From Janos Balazs’ first notes on the Massry Center’s Steinway grand piano you knew you were in the presence of greatness. The young man’s fingers had that magical touch that only a few in recent history have had: Artur Rubinstein, Glenn Gould and maybe even Van Cliburn – the winner of the Russian Chopin competition which helped melt the Cold War just a little so many decades ago.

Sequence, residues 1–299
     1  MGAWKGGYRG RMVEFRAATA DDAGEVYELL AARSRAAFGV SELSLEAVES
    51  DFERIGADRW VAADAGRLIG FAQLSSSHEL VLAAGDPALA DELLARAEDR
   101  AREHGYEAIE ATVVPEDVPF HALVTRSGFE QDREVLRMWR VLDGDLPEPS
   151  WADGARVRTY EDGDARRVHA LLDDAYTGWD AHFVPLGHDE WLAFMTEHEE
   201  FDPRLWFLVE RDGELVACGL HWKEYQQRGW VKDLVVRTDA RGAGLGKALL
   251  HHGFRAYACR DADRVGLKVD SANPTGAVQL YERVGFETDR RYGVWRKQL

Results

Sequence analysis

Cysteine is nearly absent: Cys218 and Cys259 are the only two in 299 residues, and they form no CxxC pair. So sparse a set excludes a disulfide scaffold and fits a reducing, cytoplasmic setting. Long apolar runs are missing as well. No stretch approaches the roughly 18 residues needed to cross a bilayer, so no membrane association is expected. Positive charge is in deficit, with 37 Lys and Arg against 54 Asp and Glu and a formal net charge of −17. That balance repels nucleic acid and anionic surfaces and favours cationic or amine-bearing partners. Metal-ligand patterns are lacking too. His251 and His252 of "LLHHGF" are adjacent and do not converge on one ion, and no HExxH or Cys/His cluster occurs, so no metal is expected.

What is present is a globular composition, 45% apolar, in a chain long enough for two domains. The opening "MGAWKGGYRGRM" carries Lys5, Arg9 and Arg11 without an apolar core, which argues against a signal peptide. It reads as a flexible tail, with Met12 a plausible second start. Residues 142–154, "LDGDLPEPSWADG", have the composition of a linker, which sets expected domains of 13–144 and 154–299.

Balazs’ passion for the compositions of Frederic Chopin was evident from his first choice of the classical master’s canon: Impromptu No. 4, Op. 66 in C Sharp Minor (“Fantasie”) through two polonaises – in A Flat Major. Op. 53 (“Heroic”) and the Andante spianato e grande polonaise brilliante – and a Nocturne in C Sharp Minor.